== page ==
That's where the override setting comes into play. It just moves them up a few inches meaning you can flip them into a position standing away from the windscreen for cleaning. It's a very useful feature and one I wish I'd found a few thousand miles ago.

1. USE THIS ONE - A4Avant Wipers

The next point is that after almost 9,000 miles the A4's 3.0-litre diesel needed an oil top-up. The dipstick is of the electronic variety and gives you a 2,000-mile or so warning, so plenty of range to find the right oil. However, you will have to translate (using Google) the type of oil from Audi and VW Group language into the standard UK format for oil - something that's missing from the handbook.

Finally, now that the roads are getting more slippery with rain, leaves and the occasional frost I've been impressed by the quattro all-wheel drive system, which totally eliminates that spin of an inside wheel and the flashing traction control light when you pull out at junctions that's typical of many front-drive diesels in these conditions

10th report - Audi on the charge

Watching both the tech industry and the automotive industry evolve can be fascinating. In most cases the techies, and I'm talking about mobile phone producers, lead.

They're the ones that are bringing out new, more advanced, gadgets every few months. Whereas the automotive industry and I'm talking specifically about car manufacturers here, take around five years to develop a new car from scratch.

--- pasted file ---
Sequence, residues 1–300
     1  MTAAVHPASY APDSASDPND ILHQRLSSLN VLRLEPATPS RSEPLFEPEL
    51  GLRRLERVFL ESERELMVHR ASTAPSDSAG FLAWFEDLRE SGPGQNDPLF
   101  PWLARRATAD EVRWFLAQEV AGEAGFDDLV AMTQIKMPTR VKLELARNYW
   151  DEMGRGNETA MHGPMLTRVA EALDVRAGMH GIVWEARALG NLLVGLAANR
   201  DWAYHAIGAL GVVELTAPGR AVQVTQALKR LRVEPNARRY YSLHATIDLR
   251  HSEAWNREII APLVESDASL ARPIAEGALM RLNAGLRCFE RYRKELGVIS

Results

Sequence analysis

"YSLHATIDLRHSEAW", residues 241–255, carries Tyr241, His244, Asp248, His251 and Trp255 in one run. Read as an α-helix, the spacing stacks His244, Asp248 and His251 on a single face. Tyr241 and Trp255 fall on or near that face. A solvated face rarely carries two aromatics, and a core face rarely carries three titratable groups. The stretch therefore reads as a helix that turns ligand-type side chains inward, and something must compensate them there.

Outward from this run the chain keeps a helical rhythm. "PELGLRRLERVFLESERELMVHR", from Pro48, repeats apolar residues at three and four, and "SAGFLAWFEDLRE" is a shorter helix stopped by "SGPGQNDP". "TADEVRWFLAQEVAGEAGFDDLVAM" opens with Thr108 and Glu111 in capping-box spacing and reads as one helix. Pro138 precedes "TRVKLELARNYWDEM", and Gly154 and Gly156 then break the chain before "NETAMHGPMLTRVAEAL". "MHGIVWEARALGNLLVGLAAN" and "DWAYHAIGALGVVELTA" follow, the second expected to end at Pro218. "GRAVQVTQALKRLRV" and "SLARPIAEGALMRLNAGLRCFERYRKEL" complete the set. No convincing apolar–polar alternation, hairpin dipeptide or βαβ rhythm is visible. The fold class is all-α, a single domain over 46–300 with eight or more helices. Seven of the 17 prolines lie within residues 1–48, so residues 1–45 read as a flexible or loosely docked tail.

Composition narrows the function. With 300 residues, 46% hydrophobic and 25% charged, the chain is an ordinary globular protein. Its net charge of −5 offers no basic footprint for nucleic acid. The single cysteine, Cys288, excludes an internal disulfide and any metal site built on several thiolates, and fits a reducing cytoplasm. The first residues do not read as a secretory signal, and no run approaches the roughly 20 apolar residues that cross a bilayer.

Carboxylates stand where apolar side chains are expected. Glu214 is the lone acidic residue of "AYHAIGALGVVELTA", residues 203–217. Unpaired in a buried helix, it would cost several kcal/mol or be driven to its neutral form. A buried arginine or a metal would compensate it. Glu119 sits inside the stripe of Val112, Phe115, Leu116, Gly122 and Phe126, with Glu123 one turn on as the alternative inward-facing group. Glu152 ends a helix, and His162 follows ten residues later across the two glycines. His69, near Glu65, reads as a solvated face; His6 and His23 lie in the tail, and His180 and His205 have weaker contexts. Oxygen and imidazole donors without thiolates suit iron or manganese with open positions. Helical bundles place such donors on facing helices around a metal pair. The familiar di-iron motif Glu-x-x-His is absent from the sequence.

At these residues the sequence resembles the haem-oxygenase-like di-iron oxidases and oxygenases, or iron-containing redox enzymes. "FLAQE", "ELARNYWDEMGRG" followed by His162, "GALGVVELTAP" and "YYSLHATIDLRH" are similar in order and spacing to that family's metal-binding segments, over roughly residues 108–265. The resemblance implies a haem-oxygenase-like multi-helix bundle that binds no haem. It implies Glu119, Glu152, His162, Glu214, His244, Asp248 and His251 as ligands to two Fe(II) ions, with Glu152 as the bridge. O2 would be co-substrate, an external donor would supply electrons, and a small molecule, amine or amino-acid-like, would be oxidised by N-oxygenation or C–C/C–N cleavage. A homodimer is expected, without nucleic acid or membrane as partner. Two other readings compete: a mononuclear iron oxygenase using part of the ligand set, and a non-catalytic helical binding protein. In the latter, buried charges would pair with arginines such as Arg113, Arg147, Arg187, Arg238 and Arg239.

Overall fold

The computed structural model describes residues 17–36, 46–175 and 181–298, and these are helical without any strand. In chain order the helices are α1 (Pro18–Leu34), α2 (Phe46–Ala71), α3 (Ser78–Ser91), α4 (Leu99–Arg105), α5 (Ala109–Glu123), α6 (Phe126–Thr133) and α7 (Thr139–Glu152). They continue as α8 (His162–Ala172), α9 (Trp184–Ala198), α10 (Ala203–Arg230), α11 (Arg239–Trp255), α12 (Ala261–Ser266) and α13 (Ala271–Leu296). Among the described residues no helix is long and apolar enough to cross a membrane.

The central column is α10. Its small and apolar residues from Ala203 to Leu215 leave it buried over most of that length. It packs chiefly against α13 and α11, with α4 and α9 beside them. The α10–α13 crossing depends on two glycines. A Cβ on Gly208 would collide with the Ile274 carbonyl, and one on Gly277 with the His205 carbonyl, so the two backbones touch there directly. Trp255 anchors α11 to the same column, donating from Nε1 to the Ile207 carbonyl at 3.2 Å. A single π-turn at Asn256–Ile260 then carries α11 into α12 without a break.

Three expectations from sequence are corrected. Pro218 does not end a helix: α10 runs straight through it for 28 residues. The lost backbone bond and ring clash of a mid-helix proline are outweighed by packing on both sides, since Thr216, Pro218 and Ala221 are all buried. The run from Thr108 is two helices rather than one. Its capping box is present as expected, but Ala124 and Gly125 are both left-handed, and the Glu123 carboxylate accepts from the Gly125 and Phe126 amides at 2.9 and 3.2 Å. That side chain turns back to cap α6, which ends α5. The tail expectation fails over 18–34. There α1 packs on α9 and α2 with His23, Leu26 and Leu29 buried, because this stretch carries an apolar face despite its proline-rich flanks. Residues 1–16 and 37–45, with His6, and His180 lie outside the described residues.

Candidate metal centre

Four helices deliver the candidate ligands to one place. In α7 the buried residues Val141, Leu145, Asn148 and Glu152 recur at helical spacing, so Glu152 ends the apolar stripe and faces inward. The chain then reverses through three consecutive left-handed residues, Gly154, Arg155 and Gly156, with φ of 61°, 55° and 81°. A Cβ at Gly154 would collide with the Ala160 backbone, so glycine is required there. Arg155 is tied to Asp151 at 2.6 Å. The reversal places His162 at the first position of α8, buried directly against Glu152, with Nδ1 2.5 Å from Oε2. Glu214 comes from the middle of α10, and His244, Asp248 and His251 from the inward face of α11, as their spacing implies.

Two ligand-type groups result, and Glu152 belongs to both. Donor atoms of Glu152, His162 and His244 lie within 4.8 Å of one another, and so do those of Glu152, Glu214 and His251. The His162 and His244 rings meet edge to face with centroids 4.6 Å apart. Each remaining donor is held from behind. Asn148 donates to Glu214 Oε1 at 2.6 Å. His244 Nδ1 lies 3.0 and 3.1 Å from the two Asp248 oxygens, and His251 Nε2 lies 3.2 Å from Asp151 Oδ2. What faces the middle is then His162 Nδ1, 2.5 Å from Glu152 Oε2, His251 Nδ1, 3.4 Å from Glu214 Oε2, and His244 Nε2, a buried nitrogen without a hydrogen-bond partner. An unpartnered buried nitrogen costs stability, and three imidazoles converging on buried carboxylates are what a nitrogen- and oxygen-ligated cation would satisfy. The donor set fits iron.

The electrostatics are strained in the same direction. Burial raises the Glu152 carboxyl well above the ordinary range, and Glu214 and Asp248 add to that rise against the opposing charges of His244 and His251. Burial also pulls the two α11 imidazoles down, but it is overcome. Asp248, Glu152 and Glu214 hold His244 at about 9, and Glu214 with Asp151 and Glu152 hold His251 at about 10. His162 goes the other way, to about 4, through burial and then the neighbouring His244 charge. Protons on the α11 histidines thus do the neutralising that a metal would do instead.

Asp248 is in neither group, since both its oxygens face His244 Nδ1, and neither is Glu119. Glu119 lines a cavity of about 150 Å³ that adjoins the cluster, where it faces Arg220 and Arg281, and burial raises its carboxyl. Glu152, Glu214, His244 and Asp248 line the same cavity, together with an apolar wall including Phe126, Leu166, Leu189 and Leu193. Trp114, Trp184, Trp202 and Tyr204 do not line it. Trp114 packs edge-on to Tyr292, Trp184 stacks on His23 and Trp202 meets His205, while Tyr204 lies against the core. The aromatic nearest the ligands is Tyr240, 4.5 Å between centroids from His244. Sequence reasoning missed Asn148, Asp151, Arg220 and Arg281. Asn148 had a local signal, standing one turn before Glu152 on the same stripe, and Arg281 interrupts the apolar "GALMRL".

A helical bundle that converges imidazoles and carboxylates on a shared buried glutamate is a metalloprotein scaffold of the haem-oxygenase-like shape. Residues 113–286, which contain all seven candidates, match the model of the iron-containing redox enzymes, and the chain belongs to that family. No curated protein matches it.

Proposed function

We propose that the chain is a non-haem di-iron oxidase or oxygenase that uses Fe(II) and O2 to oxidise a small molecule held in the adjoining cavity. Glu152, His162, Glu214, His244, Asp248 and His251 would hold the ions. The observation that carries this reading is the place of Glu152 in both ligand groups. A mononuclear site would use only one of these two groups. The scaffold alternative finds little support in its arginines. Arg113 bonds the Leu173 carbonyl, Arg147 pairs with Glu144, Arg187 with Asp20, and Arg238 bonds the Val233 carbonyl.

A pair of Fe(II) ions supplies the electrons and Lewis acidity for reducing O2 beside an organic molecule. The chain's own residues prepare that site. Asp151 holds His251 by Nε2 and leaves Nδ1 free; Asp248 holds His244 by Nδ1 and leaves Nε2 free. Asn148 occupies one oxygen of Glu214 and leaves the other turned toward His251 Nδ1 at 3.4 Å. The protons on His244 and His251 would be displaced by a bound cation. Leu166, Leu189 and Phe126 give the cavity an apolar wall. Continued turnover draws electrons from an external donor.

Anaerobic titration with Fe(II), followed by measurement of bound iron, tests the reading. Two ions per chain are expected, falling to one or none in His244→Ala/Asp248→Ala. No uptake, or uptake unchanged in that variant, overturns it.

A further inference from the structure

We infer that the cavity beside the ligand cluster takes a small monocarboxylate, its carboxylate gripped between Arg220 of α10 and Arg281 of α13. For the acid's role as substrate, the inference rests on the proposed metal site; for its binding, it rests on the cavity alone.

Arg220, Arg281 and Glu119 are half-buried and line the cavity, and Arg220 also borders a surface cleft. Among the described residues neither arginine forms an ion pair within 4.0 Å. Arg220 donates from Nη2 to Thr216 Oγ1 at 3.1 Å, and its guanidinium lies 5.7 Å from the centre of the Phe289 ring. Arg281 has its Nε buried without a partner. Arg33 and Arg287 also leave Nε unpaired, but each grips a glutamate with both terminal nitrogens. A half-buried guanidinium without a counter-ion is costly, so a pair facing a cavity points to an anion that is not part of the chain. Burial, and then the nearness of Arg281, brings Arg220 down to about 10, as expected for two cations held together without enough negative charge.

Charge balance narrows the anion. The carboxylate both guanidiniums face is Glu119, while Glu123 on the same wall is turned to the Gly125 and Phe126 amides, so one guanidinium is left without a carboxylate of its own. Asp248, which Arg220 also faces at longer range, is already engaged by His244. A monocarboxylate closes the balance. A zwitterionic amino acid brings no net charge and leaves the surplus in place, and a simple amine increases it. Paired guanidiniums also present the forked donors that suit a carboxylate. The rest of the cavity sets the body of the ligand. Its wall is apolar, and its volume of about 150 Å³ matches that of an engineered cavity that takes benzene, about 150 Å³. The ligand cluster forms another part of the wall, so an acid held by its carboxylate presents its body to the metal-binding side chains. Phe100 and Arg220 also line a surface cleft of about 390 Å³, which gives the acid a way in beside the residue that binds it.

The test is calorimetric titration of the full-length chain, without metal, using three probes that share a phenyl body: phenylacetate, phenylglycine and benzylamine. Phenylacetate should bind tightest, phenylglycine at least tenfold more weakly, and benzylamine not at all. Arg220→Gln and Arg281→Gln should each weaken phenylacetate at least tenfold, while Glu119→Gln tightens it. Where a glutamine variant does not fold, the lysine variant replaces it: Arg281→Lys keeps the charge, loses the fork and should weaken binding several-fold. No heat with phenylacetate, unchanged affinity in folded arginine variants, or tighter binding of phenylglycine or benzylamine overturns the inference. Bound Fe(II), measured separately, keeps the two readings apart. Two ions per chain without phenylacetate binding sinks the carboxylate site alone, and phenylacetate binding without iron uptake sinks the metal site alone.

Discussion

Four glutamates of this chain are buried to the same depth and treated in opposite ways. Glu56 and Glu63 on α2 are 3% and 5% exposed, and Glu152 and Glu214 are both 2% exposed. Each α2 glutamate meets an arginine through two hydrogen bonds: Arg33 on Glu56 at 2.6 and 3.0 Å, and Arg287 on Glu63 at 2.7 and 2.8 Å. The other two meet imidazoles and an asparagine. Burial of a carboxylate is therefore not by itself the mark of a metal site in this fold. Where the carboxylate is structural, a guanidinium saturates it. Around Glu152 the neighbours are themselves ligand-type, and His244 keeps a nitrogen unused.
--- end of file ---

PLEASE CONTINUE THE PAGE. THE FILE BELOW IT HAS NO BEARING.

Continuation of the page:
The result is that often there's a mismatch in connectivity between cars and phones. The number of cars I've driven where the connection via Bluetooth or a wire doesn't behave as it should is worryingly common. However, with our Audi A4 it seems the car manufacturer is ahead of the mobile phone company, or at least Apple. The A4 comes with wireless charging for mobile devices.

A4Avant Iphonecase -4

There's a pad in the centre console that will automatically charge your phone. But Apple hasn't put that technology into its phones, so it's redundant tech. Don't worry, though, Audi, realising that a lot of its drivers use iPhones is now selling (£35) a phone case that allows wireless charging. It's slim, stylish, Audi branded and works perfectly.However, there is one issue and this is, again, where Audi is ahead of Apple.